I'm now back in the UK recovering from a quite extraordinary trip to the Republic of the Congo. My aim was to reach the little-visited Lake Tele in the remote north of the country in an attempt to find put more about the mokele-mbembe, a legendary creature that is supposed to roam the area.
We flew up from Brazzaville to Impfondo and were promptly arrested at the airport: although we had valid visas, we didn't have a "permit to be tourists". We – my guide Jean-Pierre, a wonderful Cameroonian, and I – were taken from the airport by police and had to spend an unbelievably frustrating day being marched from bureaucrat to functionary, all of whom wanted their "cut", before we could get the stamps we needed on the correct permits that would allow us to travel further.
We were eventually released a day late and made our way to Epena where a boat took us down a remote river to Boha, a village whose inhabitants claimed to own Lake Tele.
At the village we started to negotiate access to the lake, a two-day walk away. We needed porters and guides. Time was tight so we wanted to get moving. But the villagers were less interested in time or schedules than they were in money and how much we were going to pay for the privilege of seeing their lake.
We first had to pay the government-appointed village chief. He then took us to the village elders. They were sitting in a semi-circle, armed with spears and machetes and looked an incredibly scary bunch. Negotiations started, but we could only speak to the elders through the village porte-parole, a young man whom we were not convinced was translating our requests all that efficiently.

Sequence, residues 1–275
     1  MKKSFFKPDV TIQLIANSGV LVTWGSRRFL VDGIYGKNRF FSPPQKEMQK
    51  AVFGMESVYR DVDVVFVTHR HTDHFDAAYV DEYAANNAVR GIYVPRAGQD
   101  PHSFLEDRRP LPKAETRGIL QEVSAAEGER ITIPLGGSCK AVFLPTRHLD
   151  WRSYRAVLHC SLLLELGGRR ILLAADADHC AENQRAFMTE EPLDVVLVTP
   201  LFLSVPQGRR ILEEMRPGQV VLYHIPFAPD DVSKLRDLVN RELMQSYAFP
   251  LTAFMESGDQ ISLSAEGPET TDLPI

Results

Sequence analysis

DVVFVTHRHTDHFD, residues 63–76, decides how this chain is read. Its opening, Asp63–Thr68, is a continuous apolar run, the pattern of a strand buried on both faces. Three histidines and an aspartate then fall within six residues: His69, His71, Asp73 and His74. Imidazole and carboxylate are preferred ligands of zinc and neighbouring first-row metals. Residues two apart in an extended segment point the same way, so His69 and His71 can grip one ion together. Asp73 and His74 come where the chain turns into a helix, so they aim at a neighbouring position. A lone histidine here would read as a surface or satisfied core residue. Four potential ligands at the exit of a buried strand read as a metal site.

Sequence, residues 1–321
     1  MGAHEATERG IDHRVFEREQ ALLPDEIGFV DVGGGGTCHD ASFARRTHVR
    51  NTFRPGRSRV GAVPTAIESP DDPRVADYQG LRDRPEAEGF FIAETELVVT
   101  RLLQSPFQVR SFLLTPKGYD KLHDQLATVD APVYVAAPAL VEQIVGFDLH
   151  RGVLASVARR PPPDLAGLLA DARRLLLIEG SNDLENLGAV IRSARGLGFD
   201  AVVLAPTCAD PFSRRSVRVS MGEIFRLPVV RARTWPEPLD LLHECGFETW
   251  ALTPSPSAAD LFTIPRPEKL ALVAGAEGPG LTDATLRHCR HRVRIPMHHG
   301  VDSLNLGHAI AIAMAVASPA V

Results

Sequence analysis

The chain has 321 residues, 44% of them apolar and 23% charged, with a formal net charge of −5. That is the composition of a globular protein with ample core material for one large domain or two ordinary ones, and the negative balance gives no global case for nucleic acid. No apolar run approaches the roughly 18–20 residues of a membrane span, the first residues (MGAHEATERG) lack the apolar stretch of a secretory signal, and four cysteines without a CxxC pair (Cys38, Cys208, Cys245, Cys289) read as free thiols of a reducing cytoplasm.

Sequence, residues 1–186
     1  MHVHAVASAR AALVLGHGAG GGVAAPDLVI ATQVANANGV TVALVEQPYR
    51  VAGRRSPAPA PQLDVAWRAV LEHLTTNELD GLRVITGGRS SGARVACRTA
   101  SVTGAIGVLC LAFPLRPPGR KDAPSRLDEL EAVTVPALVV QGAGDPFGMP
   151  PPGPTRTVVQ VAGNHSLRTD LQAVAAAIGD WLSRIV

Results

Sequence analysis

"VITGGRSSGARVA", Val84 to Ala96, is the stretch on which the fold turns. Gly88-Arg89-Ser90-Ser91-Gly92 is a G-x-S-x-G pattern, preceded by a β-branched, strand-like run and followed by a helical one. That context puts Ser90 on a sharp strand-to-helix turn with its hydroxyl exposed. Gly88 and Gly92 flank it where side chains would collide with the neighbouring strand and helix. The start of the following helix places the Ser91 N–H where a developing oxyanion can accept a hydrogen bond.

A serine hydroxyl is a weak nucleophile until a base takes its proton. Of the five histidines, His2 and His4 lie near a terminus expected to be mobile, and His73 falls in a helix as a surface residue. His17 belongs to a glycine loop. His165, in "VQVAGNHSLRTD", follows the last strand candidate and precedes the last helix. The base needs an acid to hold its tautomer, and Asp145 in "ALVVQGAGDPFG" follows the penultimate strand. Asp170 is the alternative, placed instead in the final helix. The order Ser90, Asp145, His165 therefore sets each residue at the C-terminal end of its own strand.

The elders demanded an extortionate amount of money and, when we refused, things got very heated, with a lot of waving of spears and fists. This went on for hours and hours, with our precious time ticking away.
Finally, in the middle of the afternoon, we came to a financial agreement. This, said the elders, called for a celebration: lethal bottles of jungle gin were produced and consumed. The whole village got very, very drunk and it soon became clear that nobody was going anywhere that day.
The chief indicated which men he had selected to be our porters, but as they were all drunk, it was difficult to make a judgement as to their efficacy in this role. We were offered blackened, smoked catfish and lumps of dried cassava for supper. This was washed down with more jungle gin and I started to feel quite peculiar. Suffice to say that my night in a tent in the village was a difficult one bowel-wise and I awoke drained and weak and not much looking forward to the day ahead.
We tried to assemble our porters only to discover that one of them had gone mad in the night. He was suffering from hallucinations and had started hacking at himself with a machete. He was covered in blood and screaming blue murder. For his and everyone else's safety, he was subdued and tied to a tree.
Then a huge argument broke out among the villagers because we had pitched our tent near the chief's hut. This, according to the elders was wrong: "Lui, c'est l'état!" screamed the eldest elder, his eyes reddened with anger. The chief hit back and a full screaming match ensued with much shaking of spears. We backed away quietly and started looking at our boat longingly and wondering if we would ever get out of this Conradian nightmare. I was starting to wonder whether the real monsters might not be right here in the village.